Apart from their common history, nowadays Poland and Lithuania work together to carry out numerous energy and transport projects which serve the entire Europe. The two countries also join efforts to strengthen global security, particularly in the region.
Recollecting their common heritage of the Polish-Lithuanian Commonwealth, our two countries support their neighbours: Ukraine that attempts to protect its sovereignty and territorial integrity in the face of Russian aggression and occupation, and the people of Belarus who deserve freedom and democracy in an independent state.
Online exhibition ‘The Story of the first European Constitution’
Visit this free online exhibition as if you were there in the Polish History Museum! Thanks to a wide range of historical facts and stunning visuals, the exhibition takes you though History in a very didactic way, without leaving home.
Enjoy the visit here.
Invitation to online concerts
Dalia Kuznecovaitė (violin) & Timoteusz Bies (piano)
Watch it here until the May 15th.
Saint Christopher’s Chamber Orchestra at the Palace of the Grand Dukes in Vilnius
„Dzień, który zmienił historię”- The Day that changed History. Program with Lithuanian and Polish compositors organized by the Embassy of the Republic of Poland and the Polish Institute in Vilnius and the Lithuanian Minister of Foreign Affairs. Watch it here until the May 15th
Lithuanian-Polish Youth Orchestra and New Ideas Chamber Orchestra NICO
Program :Soloist Janusz Wawrowski (violin), conductor Gediminas Gelgotas. Works by M. K. Čiurlionis, W. Kilar, J. I. Paderewski, G. Gelgotas. Watch it here until the May 15th.
Documentary film “3 Maja, Czyli Dziś”
The Constitution of 3 May led us to the Europe in which we live today. In this documentary film, experts from Poland, Lithuania and Germany deliver their answers to the question – why did the events from 1791 led to what is considered as the first European Constitution? The idea is to focus on the context which allowed this major historical event to take place. Director: Cyprian Demianiuk / Script: Piotr Kornobis.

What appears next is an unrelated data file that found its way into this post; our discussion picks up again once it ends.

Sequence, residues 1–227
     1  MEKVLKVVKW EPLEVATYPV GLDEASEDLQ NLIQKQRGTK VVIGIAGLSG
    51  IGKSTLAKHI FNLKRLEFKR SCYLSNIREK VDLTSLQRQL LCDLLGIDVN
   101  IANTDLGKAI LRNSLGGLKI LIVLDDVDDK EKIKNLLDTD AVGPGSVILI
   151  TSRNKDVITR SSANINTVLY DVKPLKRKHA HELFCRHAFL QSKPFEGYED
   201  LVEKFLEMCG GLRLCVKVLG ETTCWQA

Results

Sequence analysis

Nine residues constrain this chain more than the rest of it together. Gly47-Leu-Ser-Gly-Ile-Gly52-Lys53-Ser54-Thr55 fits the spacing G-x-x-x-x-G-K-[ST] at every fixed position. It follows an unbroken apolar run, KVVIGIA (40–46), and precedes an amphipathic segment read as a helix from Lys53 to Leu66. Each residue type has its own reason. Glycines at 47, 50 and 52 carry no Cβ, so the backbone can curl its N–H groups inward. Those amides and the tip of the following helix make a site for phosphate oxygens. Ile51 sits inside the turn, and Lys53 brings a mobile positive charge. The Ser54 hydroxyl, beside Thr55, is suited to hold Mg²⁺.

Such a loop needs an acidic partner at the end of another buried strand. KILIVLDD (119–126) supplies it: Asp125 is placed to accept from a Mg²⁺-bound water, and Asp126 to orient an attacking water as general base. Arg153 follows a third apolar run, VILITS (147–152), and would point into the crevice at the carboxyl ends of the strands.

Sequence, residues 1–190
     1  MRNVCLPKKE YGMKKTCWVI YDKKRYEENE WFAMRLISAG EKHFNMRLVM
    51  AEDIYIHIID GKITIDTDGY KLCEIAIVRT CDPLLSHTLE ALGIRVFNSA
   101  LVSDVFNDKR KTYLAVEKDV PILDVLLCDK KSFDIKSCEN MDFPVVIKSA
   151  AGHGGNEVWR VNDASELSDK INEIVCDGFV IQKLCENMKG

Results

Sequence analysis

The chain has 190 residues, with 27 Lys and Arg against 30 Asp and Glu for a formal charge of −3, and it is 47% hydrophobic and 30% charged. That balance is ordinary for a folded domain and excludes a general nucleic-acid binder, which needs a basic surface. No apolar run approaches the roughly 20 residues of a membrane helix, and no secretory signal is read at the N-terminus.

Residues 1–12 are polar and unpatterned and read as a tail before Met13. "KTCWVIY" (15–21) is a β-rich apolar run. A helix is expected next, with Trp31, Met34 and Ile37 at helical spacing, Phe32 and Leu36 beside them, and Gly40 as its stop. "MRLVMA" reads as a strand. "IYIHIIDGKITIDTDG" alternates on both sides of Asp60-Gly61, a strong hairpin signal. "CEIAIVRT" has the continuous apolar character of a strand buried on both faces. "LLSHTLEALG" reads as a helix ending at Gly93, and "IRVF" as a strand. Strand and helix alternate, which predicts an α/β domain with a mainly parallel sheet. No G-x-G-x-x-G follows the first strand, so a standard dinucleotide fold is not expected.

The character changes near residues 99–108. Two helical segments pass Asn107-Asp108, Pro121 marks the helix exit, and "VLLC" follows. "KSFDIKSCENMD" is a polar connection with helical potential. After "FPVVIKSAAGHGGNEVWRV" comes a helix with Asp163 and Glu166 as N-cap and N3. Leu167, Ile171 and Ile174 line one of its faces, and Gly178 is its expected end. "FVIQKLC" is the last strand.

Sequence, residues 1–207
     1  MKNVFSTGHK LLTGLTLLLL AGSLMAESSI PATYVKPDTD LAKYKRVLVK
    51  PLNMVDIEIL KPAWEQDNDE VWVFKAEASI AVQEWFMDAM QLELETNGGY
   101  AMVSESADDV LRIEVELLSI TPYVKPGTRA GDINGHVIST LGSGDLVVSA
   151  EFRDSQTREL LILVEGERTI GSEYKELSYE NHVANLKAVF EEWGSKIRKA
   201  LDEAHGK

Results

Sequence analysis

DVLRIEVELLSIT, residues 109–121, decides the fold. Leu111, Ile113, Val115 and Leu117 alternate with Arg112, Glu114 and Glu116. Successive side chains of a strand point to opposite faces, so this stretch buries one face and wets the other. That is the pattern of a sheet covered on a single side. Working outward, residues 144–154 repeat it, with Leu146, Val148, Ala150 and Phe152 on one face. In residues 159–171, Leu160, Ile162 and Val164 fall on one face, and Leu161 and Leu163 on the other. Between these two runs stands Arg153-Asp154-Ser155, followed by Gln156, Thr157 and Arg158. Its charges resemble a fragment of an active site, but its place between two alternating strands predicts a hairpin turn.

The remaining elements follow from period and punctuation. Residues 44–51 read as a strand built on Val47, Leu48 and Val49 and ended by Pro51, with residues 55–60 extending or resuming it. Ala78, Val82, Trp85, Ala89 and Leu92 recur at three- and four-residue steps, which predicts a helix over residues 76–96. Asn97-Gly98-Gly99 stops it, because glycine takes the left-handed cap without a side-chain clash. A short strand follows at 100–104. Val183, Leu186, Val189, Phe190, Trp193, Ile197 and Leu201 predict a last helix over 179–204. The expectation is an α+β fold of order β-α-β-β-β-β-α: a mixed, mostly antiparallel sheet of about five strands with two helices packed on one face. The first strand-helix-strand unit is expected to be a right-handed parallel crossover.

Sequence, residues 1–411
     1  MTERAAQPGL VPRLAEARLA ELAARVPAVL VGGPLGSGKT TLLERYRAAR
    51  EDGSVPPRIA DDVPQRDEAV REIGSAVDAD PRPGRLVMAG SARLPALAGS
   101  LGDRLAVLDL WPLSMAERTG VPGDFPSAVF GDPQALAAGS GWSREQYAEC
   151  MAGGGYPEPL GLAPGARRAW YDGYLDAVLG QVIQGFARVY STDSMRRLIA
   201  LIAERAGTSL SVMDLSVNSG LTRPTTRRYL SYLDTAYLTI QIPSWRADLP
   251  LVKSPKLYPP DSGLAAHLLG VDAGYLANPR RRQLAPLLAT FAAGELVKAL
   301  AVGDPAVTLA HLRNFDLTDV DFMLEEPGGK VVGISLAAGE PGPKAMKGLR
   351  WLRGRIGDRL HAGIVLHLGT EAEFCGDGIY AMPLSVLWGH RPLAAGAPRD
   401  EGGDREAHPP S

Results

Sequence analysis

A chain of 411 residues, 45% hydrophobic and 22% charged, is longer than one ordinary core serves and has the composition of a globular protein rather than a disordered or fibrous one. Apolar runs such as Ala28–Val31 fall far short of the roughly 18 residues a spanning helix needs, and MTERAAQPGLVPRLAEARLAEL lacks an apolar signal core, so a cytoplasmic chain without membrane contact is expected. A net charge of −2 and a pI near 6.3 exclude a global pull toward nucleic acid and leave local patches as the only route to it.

Watch it here.
Open air exhibition in Brussels
Until May 24th, an open-air exhibition dedicated to the Constitution of 3 May is displayed in front of the Embassy of the Republic of Poland and of the Polish Institute in Brussels.
Address: Avenue des Gaulois, 29. (Metro Mérode)
Podcast & Movie ‘Europe’s First Constitution – Why 3 May 1791 Matters’
Through a 46-min. movie/podcast produced by the Polish Cultural Institute of London and recorded in the Royal Castle in Warsaw, the British historian Richard Butterwick-Pawlowski tells about the historical and geopolitical context which led to the Constitution of 3 May 1791 and analyzes the most interesting facts linked to this event.
“Straszny Dwór”/ “The Haunted Manor”, Opera by Stanislaw Moniuszko.
According to Waldemar Dąbrowski, director of Teatr Wielki, Straszny Dwór can be seen as a patriotic manifesto. Indeed, being one of the most famous Polish opera with a story happening in the middle of the 18th, Moniuszko’s masterpiece displays values like honour and knighthood, but overall, a deep sense of Polishness. More info here.
Recorded under the conducting of Andriy Yurkevych, enjoy this four-act opera on the website (3h15). Watch it here.